The Department for Business, Energy and Industrial Strategy (BEIS) has confirmed that Allocation Round 4 is to open in December 2021 and has doubled-down on a commitment to UK content in future projects, including the threat of contract termination
In Allocation Round 4 (AR4), the UK’s next round of contract for difference auctions, BEIS aims to double the capacity of renewable energy compared to the last round (AR 3) and expand the number of technologies supported, with offshore wind, onshore wind, solar, tidal, and floating offshore wind projects all eligible to bid.
Ahead of AR 4, the government also published its response to a November 2020 consultation on changes to Supply Chain Plans and the CfD contract.
The response confirms decisions made on amendments to strengthen the Supply Chain Plan process for projects of 300 MW or more entering a CfD allocation round. These include the implementation of new legislative powers for the Secretary of State to assess and either pass or refuse a Supply Chain Implementation Statement.
The response states that the assessment of a developer’s delivery of its supply chain commitments will be brought forward to shortly after a project’s milestone delivery date. It states that the Secretary of State will have new powers to assess and either pass or refuse a Supply Chain Implementation Statement.
Most controversially, is further states that a new ‘Operational Condition Precedent’ will be introduced ‘with the potential consequence of CfD contract termination if a Supply Chain Implementation Statement certificate is not provided to the Low Carbon Contracts Company before the Longstop Date.”
The government response also confirms the government’s decision to not extend phasing to floating offshore wind, as well as a series of technical amendments to the CfD contract.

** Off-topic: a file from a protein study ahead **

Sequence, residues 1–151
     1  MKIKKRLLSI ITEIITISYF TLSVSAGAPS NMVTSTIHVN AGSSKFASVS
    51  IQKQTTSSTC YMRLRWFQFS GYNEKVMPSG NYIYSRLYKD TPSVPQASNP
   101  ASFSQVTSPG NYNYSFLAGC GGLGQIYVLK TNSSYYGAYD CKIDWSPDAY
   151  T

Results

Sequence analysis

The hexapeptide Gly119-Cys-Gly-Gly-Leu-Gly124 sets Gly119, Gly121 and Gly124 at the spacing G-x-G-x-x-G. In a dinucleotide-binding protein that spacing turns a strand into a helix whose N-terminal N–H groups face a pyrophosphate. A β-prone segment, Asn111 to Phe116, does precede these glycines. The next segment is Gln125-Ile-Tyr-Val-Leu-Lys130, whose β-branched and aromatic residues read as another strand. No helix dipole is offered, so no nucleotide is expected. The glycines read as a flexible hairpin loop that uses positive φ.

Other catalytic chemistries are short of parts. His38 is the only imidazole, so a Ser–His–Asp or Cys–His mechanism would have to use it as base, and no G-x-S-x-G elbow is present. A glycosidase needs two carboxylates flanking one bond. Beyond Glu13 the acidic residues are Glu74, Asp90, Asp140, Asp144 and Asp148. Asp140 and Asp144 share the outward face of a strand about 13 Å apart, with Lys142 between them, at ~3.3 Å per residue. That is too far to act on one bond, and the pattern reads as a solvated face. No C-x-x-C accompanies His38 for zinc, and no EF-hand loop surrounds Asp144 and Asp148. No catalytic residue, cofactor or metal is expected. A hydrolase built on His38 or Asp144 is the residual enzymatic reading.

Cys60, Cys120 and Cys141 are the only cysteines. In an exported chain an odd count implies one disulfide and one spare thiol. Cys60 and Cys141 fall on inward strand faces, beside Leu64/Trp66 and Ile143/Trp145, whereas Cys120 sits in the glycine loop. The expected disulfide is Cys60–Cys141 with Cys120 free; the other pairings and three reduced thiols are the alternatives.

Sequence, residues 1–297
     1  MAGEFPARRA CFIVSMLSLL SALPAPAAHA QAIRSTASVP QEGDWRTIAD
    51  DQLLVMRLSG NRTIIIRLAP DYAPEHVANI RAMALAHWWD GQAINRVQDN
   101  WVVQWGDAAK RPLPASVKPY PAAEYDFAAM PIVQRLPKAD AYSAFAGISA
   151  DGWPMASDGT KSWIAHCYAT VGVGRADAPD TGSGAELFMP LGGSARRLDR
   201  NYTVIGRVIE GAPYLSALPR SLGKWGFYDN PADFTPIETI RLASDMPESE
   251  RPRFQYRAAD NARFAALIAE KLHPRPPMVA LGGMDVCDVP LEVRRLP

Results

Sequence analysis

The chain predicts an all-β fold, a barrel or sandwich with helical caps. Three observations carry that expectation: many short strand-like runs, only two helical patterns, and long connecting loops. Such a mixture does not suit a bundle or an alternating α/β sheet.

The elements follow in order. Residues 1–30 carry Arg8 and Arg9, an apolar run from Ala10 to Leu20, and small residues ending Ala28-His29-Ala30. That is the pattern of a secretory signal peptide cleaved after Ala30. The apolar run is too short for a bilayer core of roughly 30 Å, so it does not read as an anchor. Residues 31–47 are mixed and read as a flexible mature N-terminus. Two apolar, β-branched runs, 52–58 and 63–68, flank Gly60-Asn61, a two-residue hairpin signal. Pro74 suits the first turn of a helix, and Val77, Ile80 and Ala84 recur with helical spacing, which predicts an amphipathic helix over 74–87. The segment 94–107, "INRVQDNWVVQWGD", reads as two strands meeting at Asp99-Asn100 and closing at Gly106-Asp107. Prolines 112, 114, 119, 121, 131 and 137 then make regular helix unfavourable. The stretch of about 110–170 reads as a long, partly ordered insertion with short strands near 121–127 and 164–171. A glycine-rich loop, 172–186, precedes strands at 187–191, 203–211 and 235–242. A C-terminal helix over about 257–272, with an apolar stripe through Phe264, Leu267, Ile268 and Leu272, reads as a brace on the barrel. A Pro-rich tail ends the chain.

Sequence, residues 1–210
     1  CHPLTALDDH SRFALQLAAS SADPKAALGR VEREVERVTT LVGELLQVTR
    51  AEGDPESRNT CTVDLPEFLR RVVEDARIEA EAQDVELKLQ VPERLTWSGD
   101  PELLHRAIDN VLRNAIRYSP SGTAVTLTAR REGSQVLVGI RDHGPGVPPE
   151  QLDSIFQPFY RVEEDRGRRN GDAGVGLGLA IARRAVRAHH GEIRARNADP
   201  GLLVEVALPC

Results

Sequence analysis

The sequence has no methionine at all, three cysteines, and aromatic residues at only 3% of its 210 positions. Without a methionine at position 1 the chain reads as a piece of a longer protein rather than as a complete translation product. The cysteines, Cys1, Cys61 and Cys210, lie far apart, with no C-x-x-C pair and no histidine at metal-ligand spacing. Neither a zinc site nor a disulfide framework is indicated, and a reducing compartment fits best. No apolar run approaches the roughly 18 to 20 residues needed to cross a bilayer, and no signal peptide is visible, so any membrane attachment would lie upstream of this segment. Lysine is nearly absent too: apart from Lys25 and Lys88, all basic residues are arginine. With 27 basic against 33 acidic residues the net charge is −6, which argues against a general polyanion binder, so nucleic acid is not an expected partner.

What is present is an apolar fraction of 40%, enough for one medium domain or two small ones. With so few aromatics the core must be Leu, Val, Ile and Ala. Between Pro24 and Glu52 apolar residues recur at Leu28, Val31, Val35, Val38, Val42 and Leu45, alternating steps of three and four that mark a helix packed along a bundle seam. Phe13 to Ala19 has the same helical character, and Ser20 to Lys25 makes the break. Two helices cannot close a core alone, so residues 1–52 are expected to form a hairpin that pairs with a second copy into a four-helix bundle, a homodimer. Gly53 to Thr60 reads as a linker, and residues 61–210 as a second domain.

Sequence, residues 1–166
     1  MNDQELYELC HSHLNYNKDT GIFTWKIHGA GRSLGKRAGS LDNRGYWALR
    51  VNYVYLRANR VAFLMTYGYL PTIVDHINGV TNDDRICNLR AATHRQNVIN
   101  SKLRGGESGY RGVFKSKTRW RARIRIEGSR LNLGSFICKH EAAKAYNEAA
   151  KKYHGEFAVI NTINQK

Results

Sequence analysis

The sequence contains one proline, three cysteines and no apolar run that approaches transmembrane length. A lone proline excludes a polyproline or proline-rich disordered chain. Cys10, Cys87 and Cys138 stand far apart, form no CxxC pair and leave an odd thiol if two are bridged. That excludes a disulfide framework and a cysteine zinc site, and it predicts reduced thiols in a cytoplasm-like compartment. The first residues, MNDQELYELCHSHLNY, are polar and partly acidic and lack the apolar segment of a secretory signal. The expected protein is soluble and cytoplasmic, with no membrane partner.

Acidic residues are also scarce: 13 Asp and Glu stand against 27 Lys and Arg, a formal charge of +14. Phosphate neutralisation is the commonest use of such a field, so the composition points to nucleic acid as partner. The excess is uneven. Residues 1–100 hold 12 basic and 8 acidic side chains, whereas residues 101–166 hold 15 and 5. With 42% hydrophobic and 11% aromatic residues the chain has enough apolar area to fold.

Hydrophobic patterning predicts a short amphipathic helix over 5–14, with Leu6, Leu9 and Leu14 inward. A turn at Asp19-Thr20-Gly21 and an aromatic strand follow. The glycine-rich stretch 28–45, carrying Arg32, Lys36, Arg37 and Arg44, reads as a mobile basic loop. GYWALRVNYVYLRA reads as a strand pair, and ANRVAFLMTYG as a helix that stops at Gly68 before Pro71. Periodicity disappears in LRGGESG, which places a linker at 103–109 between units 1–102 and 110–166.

Commenting on the announcement by BEIS about the next CfD auction, RenewableUK deputy chief executive Melanie Onn said, “Supporting innovation and the growth of the UK’s offshore wind industry is vital to kickstart the green economic recovery.
“We are building up a strong UK supply chain with major manufacturers locating factories here and the industry is committed to supporting globally competitive companies. Developers and supply chain firms are making significant investments to drive the industry forward.
“The latest supply chain proposals set challenging new demands for project developers, so it is vital the guidance is clear on how we can demonstrate the contribution we’re making by creating thousands of jobs, developing skills and fostering innovation across the supply chain, as well as building vital new infrastructure.
“Project developers are already working with manufacturers to help them understand our projects’ needs and timelines, which will support investment in new facilities and the development of new skills in our workforce.
“Underpinning all this, we need large volumes of new capacity in the next CfD auction for new contracts to generate clean power to keep us on track for our 2030 target, quadrupling what we’ve already installed.”
BVG Associates associate director Dr Alun Roberts said, “The problem for government and industry stems from the fact that the government has a desired outcome – more local content – but the CfD process is the only lever the government has, and CfDs are awarded on price only.
“The government is trying to use supply chain plans as a lever but concludes that the process needs teeth if it is to have any effect. Its solution is to threaten the removal of the CfD if developers’ commitments aren’t met.
“ Industry can argue – with some justification – that this imposes a huge risk on projects. It is also likely to lower commitments, making the process counterproductive.
“If a supply chain plan needs only to score 50% to be accepted, it is likely that a pass can be achieved without committing to very much.
“The government has two options: include a local content premium in the pricing of CfD or continue to apply political pressure but without teeth.
“At the moment, it is doing neither one or the other. However, the industry has signed up to a 60% UK content target in the sector deal, so at some point the government will want evidence that we are on track to achieve it.”
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